When the Science and Art of magic is submerged under the miasma of moral subjectivity—borne out of spirituality and religion—elemental demonic forces begin to prey upon the priest class and aristocrats of the tribe by infecting the weakest psychic links among them.
Maria Kvilhaug is a historian of religions. She graduated with a master’s degree in Old Norse Mythology and Initiation Rituals from the University of Oslo. Her master’s dissertation was the later published work “The Maiden with the Mead — A Goddess of Initiation in Old Norse Myths?” She is also the author of “The Seed of Yggdrasil.” Maria runs the YouTube channel, Earth Mythic Library under the username LadyoftheLabyrinth, which is inspired by the Minoan term “Labyrinthos Potnia.” Maria takes a historical and spiritual approach to Old Norse myths and legends and considers them on par with other classical philosophical principles. We’ll begin on the ancient Norse lifestyle of both men and women, including the ranking system. Maria explains how shamanism has an important place in Norse mythology. She’ll point out symbolism found in Norse stories and art that is also seen in other mythologies around the world. In the second hour, we’ll discuss the Vikings, who travelled far and wide. We’ll talk about how Viking raids began in retaliation of Roman Christian aggression. She’ll talk about the destruction of pagans and their fight to ward off Christian invasion, which also included Norse sorcery. As the Vikings were scattered, we’ll discuss where they went. We’ll also hear about hierarchy and the expectations of a man within the Viking society. Later, Maria discusses Norse cosmology and elaborates more on Norse myths that are conveyed in poems, riddles and tales.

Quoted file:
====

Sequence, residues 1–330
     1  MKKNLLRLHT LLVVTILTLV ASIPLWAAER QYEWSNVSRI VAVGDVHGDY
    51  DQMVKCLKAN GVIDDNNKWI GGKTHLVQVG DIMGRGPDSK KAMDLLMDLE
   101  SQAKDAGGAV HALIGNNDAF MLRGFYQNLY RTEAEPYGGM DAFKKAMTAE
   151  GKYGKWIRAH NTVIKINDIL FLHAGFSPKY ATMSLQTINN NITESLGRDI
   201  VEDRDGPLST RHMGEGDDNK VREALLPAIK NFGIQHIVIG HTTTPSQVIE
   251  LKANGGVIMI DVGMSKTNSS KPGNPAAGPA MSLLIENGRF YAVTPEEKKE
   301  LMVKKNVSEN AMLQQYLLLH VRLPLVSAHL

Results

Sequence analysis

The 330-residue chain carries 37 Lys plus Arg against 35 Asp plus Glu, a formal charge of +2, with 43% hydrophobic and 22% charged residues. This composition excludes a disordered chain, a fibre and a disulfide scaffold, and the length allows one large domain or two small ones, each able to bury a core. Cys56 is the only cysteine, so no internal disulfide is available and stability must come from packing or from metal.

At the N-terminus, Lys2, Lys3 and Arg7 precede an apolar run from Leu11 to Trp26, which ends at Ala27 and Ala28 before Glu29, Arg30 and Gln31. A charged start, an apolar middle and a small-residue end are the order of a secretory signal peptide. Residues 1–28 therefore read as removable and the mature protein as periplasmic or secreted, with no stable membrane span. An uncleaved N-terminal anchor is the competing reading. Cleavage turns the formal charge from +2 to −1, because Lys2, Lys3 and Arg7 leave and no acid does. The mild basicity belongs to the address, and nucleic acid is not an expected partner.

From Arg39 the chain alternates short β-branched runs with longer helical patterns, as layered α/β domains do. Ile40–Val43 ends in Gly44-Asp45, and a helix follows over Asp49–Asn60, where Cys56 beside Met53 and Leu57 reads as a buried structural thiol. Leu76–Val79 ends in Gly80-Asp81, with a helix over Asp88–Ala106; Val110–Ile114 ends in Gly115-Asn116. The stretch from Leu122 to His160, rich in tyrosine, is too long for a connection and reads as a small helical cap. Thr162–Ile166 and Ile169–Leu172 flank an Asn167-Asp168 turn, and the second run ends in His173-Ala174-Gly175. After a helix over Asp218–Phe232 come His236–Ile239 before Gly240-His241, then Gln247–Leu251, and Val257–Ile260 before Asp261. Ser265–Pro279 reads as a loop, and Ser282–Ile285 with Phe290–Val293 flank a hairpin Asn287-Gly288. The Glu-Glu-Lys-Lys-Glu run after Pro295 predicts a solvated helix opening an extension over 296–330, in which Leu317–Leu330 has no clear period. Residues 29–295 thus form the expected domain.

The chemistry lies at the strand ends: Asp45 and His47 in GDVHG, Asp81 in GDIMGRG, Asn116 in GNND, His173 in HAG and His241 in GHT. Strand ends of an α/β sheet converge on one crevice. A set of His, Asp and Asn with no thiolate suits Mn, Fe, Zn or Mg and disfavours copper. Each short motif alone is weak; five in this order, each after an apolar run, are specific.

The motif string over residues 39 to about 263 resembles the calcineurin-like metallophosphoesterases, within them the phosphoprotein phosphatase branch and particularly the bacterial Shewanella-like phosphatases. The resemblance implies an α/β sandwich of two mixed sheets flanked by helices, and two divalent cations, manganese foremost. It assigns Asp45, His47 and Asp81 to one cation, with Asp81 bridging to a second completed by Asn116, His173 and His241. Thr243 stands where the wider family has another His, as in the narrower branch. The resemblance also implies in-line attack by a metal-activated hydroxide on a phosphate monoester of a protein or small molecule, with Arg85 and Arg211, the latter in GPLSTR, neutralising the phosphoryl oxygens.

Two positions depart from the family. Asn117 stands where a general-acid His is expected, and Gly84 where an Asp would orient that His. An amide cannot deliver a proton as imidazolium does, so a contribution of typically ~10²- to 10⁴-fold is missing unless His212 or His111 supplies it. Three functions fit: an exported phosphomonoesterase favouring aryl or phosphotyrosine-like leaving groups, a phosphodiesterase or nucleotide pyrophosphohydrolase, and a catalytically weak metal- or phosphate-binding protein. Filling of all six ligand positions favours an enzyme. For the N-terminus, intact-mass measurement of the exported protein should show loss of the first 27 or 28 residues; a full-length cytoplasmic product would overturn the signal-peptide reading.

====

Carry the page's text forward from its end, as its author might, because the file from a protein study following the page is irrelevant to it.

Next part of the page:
In the multicultural west we are told to say Happy Kwanzaa, Happy Hanukkah and Merry Christmas or these days Happy Holidays as to not offend others. Lana tells about the true origins of newcomer holidays such as Kwanzaa and Hanukkah. Where did these holidays originate? Are they original? Why are they also in December, like Christmas? She’ll also talk about the true origins of Christmas, which is entirely borrowed from Yule, the pre-Christian European celebration of the Winter Solstice in the Northern Hemisphere. Kwanzaa, Hanukkah and Christmas are all imposters, culturally appropriating from the ancient European Winter Solstice celebration. Learn about the myth, symbolism and tradition of Yule.